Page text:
The trial of a former Irish soldier accused of membership of Islamic State has heard that evidence will be presented that she encouraged her British-born husband to take a snipers course.
Lisa Smith, 39, from Dundalk in Co Louth, has pleaded not guilty to charges of being a member of the so-called Islamic State group and with financing terrorism.
She left the Irish military after she converted to Islam in 2011 and later travelled to IS-controlled territory in Syria.
There, after a previous marriage ended, she married Sajid Aslam, a UK national who the prosecution contends undertook “border patrol” for Islamic State.
The Special Criminal Court in Dublin was told that Aslam “had done a snipers course on her advice.”
Lisa Smith had a daughter, born in June 2017, before returning to Ireland in December 2019 after the collapse of Islamic State’s territory.
She was arrested at Dublin Airport and charged with terror offences.
On Tuesday – the first day of her trial – prosecuting counsel Sean Gillane SC told the court that Ms Smith had “endeavoured to access IS-controlled territory and sought out the means by which this could be done”.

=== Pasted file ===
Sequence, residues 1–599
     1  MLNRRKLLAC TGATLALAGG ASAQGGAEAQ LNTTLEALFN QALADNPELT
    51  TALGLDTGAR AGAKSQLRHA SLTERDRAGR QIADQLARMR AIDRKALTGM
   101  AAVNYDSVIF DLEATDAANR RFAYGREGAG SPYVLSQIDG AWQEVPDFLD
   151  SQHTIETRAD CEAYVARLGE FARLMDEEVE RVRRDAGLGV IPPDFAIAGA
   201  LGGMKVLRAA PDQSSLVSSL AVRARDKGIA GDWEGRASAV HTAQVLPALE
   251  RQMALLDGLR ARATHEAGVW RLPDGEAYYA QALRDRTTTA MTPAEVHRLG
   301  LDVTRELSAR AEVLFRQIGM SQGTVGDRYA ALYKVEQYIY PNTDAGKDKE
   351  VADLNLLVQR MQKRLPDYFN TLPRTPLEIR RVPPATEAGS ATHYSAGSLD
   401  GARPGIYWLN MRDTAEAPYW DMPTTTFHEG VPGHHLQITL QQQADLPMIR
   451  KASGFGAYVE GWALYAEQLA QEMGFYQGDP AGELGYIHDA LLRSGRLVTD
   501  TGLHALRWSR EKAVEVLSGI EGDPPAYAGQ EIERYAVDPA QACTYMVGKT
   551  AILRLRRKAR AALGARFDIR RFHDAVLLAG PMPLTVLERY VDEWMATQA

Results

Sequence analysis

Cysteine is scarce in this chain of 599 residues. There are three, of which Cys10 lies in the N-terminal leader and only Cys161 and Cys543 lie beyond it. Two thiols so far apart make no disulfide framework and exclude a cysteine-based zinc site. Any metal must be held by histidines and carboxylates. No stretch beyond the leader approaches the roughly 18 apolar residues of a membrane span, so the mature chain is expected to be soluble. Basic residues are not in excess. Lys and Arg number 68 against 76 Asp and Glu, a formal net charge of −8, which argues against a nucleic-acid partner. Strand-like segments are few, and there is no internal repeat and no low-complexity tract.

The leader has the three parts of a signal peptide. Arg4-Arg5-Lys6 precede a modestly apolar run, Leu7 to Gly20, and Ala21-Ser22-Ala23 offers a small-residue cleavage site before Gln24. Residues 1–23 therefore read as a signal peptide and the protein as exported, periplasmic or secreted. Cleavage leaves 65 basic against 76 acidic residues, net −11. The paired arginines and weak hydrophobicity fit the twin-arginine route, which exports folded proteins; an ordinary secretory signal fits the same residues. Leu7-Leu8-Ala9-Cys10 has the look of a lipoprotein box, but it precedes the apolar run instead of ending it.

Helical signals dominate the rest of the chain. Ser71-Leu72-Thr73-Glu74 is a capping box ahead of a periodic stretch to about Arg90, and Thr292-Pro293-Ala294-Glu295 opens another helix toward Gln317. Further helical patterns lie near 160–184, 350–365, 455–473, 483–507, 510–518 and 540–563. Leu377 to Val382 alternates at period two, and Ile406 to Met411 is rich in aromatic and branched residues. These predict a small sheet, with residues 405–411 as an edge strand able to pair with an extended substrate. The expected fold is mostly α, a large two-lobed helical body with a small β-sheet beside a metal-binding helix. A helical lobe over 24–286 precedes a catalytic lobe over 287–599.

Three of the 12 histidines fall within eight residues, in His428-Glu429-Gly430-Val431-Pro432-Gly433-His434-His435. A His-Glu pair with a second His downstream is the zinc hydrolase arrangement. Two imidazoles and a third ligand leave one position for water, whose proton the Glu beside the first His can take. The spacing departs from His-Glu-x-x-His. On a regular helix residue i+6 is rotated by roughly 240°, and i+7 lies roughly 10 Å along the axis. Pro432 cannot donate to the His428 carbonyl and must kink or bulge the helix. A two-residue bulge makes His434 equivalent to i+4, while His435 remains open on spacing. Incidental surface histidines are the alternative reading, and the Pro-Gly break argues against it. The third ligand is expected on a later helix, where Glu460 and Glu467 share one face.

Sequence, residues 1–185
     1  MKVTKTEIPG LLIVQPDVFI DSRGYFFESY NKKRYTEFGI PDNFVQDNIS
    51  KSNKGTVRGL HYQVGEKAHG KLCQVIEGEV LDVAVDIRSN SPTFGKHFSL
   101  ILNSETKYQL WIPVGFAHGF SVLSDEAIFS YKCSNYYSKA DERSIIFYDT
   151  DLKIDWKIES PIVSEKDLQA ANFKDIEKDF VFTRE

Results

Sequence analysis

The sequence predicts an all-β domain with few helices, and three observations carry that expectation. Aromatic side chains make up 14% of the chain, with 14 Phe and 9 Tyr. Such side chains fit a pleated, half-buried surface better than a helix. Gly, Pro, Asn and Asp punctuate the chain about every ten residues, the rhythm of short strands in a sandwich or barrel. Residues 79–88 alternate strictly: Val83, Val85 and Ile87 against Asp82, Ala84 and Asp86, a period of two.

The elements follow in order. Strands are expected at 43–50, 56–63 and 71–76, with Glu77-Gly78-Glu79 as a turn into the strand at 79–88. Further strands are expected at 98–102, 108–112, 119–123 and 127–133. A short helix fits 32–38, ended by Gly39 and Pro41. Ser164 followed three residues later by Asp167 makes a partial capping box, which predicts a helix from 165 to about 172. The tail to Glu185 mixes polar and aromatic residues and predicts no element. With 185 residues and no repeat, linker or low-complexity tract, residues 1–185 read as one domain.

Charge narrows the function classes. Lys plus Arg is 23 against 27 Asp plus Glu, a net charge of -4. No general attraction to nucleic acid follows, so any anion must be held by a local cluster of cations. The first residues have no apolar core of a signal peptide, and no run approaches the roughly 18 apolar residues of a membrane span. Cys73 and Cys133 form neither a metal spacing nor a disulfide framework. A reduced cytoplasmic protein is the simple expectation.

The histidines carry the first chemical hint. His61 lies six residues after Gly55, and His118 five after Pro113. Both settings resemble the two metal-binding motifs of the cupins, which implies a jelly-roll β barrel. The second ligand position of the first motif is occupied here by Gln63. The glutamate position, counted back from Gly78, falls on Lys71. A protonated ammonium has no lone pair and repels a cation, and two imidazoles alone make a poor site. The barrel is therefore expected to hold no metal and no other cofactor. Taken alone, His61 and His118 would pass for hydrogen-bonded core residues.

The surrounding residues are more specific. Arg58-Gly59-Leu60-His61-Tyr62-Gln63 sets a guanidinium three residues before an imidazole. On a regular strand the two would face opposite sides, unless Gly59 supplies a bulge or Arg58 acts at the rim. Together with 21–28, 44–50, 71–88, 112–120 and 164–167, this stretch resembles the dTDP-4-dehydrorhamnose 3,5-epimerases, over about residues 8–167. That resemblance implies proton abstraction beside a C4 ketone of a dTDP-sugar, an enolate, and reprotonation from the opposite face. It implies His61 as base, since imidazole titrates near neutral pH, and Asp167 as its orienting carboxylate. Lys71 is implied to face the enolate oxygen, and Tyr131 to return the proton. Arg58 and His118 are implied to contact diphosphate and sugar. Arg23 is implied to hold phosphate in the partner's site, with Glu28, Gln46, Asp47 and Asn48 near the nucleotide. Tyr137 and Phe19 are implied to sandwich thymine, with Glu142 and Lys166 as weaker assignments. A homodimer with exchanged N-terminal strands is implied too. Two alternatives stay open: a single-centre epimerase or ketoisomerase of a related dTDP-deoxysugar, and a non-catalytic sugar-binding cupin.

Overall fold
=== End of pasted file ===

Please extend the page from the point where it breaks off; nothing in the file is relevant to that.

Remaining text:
He said that “she subscribed to the reciprocity of allegiance and protection, and in that sense, she enveloped herself in the standard or black flag of Islamic State”.
‘No split between good and bad IS’
Mr Gillane continued that “there is no duality or split between a good Islamic State and a bad one, into which one might fall by happenstance or misfortune”.
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It is the prosecution’s case that to “make hijra” (emigrate) in this specific context is “a central act of allegiance to this proto-state”, and an “act without which the terrorist group cannot survive”.
“It is the lifeblood of the Islamic State,” Mr Gillane continued.
Execution by drowning in a cage
“It needed fighters, and it is our case that it also needed all those who could give sustenance and vitality to the group… to answer that call in this context is to self-identify as a member of that group.”
The court also heard of Lisa Smith’s involvement with various Facebook and Telegram groups. In one discussion about IS’s execution of five men by drowning in a cage, the prosecution said that Lisa Smith replied: “OK, now I understand why they were drowned. I didn’t know the other half of the story.”
The prosecution was due to continue outlining its case on Tuesday afternoon.
The trial, which is being heard by Ireland’s non-jury Special Criminal Court, is expected to last up to 12 weeks.